For the Reformation was a process of breaking away from the official Catholic Church and the Pope initiated by Henry VIII, who wanted his marriage annulled without the consent of the Pope. This led to the creation of the Church of England, and this is why religious writings and symbols throughout the kingdom of England – now including Wales – were removed, altered or replaced. As the Protestant religion was created, it still had to be spread and taught throughout the country, and particularly in Wales. Until 1563, that is to say under the reign of Elizabeth I, the Church of England had spread and imposed itself on the Welsh territory. But, as we have seen, only a small part of the population of Wales could understand English, and Queen Elizabeth was quite aware of the fact that the Reformation would not have any long-lasting effects if the people of the newly-annexed Wales did not understand what they were praying.
In order to gain influence over the people of Wales, England had to use religion, which was at the time the main political and cultural influence over the people. Elizabeth thus asked that the Bible be translated into Welsh, so that every Welshman could properly understand the new official religion of the kingdom of England. From this initiative came out the result Elizabeth expected, that is to say the conversion of a large part of the Welsh people to Protestantism. But at the same time, the translation enabled the Welsh language to survive through its written form. Indeed, the fact that a book as emblematic as the Bible was published in Welsh gave to this language the importance it had lost with the Laws in Wales Acts which had made it a ―second-rate language‖. The Prayer Book was also translated into Welsh, and copies of the Bible in both English and Welsh were made available in every Welsh church. One of the aims of the English government and of the head of the Church of England was also to show to the Welsh people to what extent the English versions of the Bible and of the Prayer Book were superior to the Welsh ones, for they also aimed at making the Welsh people want to learn English.
30 Programme 4, People and Belief, from the BBC Radio Wales Millennium History series, The People of Wales (1999) – Glanmor Williams‘s intervention about reformation in Wales (an audio extract can be found on http://openlearn.open.ac.uk/mod/oucontent/view.php?id=397309§ion=3.5.3).
Things did not quite go as they had expected since the regain of interest for the Welsh language was stronger than the desire to learn English. Dr Gwynfor Evans quotes Edmund Spencer about this issue: ―It hath been the use of the conqueror to despise the language of the conquered.‖31 In his book, Evans speaks of the Welsh aristocracy who kept ―turning [its] back on [its] nation‖ after the Laws in Wales Acts. The fact that so many Welshmen from the aristocracy decided to learn English and to break up with the Welsh Language in order to gain some advantages and/or responsibilities shows that nationalism and patriotism has its limits. Discussing to what extent men can be corrupted by money or power is not something we will go through in this essay, but it can be interesting to consider some facts:
– Evans speaks of a ―Welsh sense of inferiority‖ which was quite present in Wales especially during the couple of centuries following the Laws in Wales Acts. The Welshmen who decided to submit to the English requirements in order to gain personal benefits may have done so without any intent to betray nor their nation, nor its culture.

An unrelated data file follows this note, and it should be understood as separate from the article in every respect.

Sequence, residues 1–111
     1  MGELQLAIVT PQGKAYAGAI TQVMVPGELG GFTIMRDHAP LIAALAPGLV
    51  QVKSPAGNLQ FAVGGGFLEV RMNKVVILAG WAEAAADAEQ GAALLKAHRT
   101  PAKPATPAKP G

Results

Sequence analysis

– As the Welsh culture and language were threatened on the long run, it was probably not the fact that the Welsh aristocracy turned towards the English that prevented the Welsh culture from being carried on, since it eventually was.
– Finally, we must bear in mind that a man like Gwynfor Evans was more a politician than an historian, member of the Welsh nationalist party Plaid Cymru. Knowing this, we need to consider his work differently as his political ideas may alter not the quality but the objectivity of his work to some extent.
Literature, education and religion
We have seen to what extent Wales‘s identity, culture and sovereignty have been challenged since the Laws in Wales Acts in the beginning of the 16th century. We now have to consider the same period of time, stretching over nearly five centuries, from the Welsh point of view, that is to say by trying to understand how the Welsh culture, language and identity succeeded in surviving in spite of the English rule hostile towards them.
First of all, one must bear in mind that as we have seen, the translation of the Bible into Welsh in 1563 was an unintended sign of the revival of the Welsh language and literature; but it was not the only one. Indeed, a couple of years before the Bible in Welsh was published, the first book written in Welsh was written. It has no title but is known by its first words: ―Yn y lhyvyr hwnn‖, meaning ―in this book.‖37 This book contains the Commandments in Welsh, along with information and guides about the structure of the Welsh language and how it must be read. This shows the need the Welsh felt for written works in and about their language, which was even more vulnerable if not written. So all this could partially account for the importance the Bible translated into Welsh had when it was first published in 1567 (later revised by William Morgan and republished in 1588).38 At a time when the Welsh culture and language were threatened and could fall into oblivion, the Bible played a major role as Armand Le Calvez noticed it: ―La Bible a donné aux Gallois une langue classique qui a remédié, dans une certaine mesure, à l‘absence d‘une université ou de toute autre institution, et elle a maintenu l‘unité du people à une époque de désintégration sociale et religieuse‖.39 So this was one of the first elements which enabled the Welsh culture and language to be carried on throughout the centuries without vanishing, in spite of the English hostility and domination.